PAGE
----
The residents of Fourways have grown increasingly frustrated with the persistent blame games during the water crisis in Johannesburg.
Recently, on October 12, Nkosinathi Masombuka, a resident of Craigavon, complained to Joburg Water, highlighting the issue of taps running dry in the area.
Councillor David Foley from Ward 94 shed some light on the situation, explaining that a pipe burst on Leslie Avenue was responsible for the water shortage, affecting not only Craigavon but also Uranium Road complexes and certain parts of Fourways.
Masombuka expressed his exasperation, stating, “This affects my budget too because I have to buy water, which is one of the services that I already pay for. It is not fair.”
Fueled by such grievances, Dr. Ferrial Adam, the executive director of the community action network WaterCAN, initiated a petition to address the city’s water crisis. The petition, which has already garnered 3,000 supporters, intends to deliver a powerful message to Joburg Water and Rand Water, urging them to find lasting solutions.
Dr. Adam conveyed her dissatisfaction with the responses provided by these water utilities, noting that they often resort to finger-pointing and blame games rather than offering genuine solutions, leadership, and guidance. She lamented the lack of effective communication, leaving residents bewildered about the status of their water resources.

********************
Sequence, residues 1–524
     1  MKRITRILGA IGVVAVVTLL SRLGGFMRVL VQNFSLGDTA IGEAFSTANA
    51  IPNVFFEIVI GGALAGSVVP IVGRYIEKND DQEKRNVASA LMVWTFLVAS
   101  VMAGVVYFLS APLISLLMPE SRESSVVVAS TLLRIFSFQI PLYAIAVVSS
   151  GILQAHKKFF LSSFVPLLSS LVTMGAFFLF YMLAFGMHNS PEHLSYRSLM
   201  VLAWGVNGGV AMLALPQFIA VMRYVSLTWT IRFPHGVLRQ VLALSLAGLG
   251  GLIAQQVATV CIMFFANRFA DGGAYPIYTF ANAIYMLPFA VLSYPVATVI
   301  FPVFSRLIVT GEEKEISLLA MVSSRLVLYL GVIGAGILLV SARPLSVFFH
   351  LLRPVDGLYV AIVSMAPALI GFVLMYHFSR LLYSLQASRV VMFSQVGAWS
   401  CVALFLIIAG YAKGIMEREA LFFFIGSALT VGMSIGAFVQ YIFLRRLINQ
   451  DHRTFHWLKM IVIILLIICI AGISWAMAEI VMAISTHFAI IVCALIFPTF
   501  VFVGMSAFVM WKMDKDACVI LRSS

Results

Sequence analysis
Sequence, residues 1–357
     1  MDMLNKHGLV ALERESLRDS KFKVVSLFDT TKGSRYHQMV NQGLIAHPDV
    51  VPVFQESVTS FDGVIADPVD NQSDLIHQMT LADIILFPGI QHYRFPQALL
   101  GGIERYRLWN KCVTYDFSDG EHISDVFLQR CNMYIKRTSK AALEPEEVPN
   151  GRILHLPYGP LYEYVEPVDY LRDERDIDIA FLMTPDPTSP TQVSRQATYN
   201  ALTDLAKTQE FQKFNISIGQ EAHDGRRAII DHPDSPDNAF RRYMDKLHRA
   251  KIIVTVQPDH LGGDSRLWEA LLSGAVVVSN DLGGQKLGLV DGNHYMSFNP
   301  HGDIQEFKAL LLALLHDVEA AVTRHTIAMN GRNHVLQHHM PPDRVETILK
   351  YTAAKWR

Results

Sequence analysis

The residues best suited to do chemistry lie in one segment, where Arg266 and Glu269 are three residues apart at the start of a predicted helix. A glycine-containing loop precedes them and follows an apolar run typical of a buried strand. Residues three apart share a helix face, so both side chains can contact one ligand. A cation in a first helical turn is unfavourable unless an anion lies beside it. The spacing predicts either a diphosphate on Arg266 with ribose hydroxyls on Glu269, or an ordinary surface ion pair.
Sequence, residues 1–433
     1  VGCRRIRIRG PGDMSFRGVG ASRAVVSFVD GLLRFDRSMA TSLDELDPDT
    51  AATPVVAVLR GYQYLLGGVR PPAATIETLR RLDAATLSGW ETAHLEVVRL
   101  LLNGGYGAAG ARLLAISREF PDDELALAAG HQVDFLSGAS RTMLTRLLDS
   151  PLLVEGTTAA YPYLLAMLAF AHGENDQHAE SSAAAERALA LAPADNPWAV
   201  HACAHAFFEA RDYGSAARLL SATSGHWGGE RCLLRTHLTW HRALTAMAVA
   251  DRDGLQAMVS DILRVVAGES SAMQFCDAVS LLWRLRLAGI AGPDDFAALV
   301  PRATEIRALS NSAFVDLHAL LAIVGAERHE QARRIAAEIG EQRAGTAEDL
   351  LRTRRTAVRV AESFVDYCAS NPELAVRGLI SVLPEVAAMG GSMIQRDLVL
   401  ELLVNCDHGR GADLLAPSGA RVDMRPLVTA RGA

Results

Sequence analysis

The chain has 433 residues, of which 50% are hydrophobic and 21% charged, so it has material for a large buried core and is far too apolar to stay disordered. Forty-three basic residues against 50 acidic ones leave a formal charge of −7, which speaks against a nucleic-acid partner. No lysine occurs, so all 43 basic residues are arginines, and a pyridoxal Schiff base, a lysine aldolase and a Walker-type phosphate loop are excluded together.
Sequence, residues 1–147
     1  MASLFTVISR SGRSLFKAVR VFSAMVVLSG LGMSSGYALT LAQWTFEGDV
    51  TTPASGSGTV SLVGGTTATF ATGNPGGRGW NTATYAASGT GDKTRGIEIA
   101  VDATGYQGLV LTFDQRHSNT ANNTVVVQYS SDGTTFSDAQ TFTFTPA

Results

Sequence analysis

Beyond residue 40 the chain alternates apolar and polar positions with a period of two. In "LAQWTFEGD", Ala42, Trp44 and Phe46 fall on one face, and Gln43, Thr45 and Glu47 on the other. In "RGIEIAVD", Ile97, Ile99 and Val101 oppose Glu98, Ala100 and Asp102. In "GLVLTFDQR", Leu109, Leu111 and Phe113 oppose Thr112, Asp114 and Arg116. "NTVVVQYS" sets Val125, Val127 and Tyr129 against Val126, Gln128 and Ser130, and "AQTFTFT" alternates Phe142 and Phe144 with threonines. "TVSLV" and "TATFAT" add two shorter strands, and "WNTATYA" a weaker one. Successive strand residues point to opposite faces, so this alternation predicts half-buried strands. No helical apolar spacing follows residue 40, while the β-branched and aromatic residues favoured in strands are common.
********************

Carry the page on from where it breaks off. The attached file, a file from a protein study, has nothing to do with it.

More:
She emphasised that the situation has reached a critical juncture and demanded that Joburg Water and Rand Water respond to their grievances by October 16; otherwise, there will be protests to demand the necessary changes.
Councillor Foley confirmed that water was restored in Craigavon on the same day as the complaint. However, he also pointed out that another pipe burst had occurred on Galloway Road, adding that Leslie and Westway and surrounding areas have faced numerous bursts in the past six months.
According to Joburg Water, the bulk supplier, Rand Water, faced various infrastructure issues between August 24 and September 24, significantly impacting the reservoirs and towers in the City of Johannesburg and other Gauteng municipalities.
Several Johannesburg Water systems are still under immense strain. They are in the recovery process, such as the South Hills tower and pump station, Crown Gardens, the Commando System (comprising Brixton, Crosby, and Hurstill), Naturena, Midrand system, and Alexander Park.
Given these challenges, Johannesburg Water has deployed 50 roaming water trucks and 56 water tanks to the affected areas, ensuring that residents receive a regular water supply.
The organisation has also implemented throttled supply, reducing flow and pressure from 21:00 to 04:00 daily, to relieve pressure on the strained reservoirs and towers.
Johannesburg Water remains in close contact with Rand Water in their joint efforts to resolve the water supply challenges and appeals for the public’s patience and understanding during these trying times. The entity is closely monitoring the recovery of reservoirs and will continue providing regular updates to customers.
Efforts to reach Rand Water’s spokesperson for comment have been unsuccessful since October 12.
Picture: X / channelafrica1
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